LOSS OF THE EXPERIMENT, OF HULL, With several passengers from York. DESTITUTE EMIGRANTS - The Experiment, Captain George Bruce, sailed a short time ago from the port of Hull for Quebec, having on board, besides her cargo, 45 emigrants, principally of the poorer classes. Many of these individuals had exhausted their whole stock of worldly means in providing necessaries for the voyage and others were sent out at the cost of their respective parishes. The vessel had only proceeded as far as the coast of France on her voyage, when, being overtaken by a violent gale, she stuck on a rock, and it was with the utmost difficulty the passengers and crew escaped with their lives. The unfortunate emigrants, having lost their all, and being thrown utterly destitute on a foreign shore, were furnished with temporary relief by the British Consul at Calais, who sent them over in a steamer to London, with a letter to the Lord Mayer, representing the hardship of their circumstances, and recommending the owners of the Experiment should be applied to in order to ascertain if they would either send them out in another vessel, or refund a portion of the passage money which had been paid to them. The 45 emigrants were landed at the Tower Wharf on Thursday week, without one farthing to procure them either food or shelter, and upon the Lord Mayor being informed of their situation his Lordship, with the most prompt humanity, gave them £5 out of his private purse, and stated that he would write instantly to the Home Secretary to know what was the best course to pursue for the alleviation of their misfortunes. His Lordship received a letter on Friday from Lord Melbourne, which, after mentioning in general terms the receipt of his Lordship's letter, concluded by observing that he considered the emigrants came under the description of casual poor, and as such should be relieved in the customary way. On Saturday, his Lordship communicated the result of his application to the emigrants, who had dispersed themselves in the various public-houses in the neighbourhood of the Tower, and regretted that the means had not been placed at his disposal of doing something effectual for their relief. It was represented to his Lordship that most of them were at that moment in a starving condition, having subsisted themselves upon his Lordship's previous bounty. His Lordship said he deeply commiserated their unfortunate condition, but it would be utterly impossible for him, considering the numerous claims of charity on his private purse, to continue to maintain so many individuals; and it would be equally hard on that parish, where they were at present residing, to expect them to be at the expense of passing them to Hull, or to do more, in fact, then give them some trifling temporary relief. His Lordship then took out a £5 note from his own pocket, and directed that it should be applied to the necessities of the applicants, at the same time remarking that he trusted the benevolent portion of the public would assist them with trifling donations, which he would undertake to receive for them. The poor emigrants were loud in their grateful acknowledgements of the charitable bounty of the Lord Mayor. - We are sorry to add, that the Experiment belongs to Messrs. D. and J. Peacock, of Skeldergate, in this city, and that several of the passengers were from York an its neighbourhood. Amongst others, we have heard that there were two or three individuals out of Northstreet, and a young man name Samuel Walker of Gillygate, joiner, and his wife; Richard Goodrick, labourer of Fulford, and his wife; and John Wride, late of Barnby Moor, poulterer and carrier, and six of his children.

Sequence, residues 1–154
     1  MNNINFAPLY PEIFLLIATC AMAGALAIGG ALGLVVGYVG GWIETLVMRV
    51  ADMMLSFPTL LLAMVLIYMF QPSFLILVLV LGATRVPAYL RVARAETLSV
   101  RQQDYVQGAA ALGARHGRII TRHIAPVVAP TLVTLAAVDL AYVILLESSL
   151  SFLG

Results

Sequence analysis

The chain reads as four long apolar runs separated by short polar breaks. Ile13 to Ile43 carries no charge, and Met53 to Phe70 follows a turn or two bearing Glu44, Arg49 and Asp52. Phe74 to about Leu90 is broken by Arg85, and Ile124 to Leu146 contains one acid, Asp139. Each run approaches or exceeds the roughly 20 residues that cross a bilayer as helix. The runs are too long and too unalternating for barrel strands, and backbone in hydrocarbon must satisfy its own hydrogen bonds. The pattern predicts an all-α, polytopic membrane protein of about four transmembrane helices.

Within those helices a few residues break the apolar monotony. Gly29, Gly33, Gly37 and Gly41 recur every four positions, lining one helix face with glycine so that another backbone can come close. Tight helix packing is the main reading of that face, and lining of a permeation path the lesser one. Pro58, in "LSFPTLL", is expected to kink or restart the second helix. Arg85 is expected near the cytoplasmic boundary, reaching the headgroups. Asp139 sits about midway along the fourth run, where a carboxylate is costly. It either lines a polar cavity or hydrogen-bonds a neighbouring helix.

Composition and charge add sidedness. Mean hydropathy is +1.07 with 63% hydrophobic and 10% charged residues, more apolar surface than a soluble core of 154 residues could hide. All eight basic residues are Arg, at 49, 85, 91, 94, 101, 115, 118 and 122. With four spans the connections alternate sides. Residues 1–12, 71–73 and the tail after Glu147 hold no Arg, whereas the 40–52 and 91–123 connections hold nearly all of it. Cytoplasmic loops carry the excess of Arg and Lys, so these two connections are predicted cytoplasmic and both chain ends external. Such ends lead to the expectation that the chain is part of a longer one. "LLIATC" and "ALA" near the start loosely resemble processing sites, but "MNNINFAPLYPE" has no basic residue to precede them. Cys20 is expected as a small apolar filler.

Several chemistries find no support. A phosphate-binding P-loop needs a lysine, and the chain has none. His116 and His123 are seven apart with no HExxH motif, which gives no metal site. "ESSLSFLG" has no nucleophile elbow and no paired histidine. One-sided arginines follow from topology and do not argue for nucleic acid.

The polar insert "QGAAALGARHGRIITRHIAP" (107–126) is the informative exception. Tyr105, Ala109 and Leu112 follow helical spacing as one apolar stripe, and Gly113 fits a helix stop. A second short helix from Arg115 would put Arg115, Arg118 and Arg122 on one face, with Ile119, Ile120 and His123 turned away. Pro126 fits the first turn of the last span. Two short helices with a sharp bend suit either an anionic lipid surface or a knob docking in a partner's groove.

Hull Packet 1 May 1832 published an identical copy of the previous article, except that the end section naming the owners and passengers was omitted.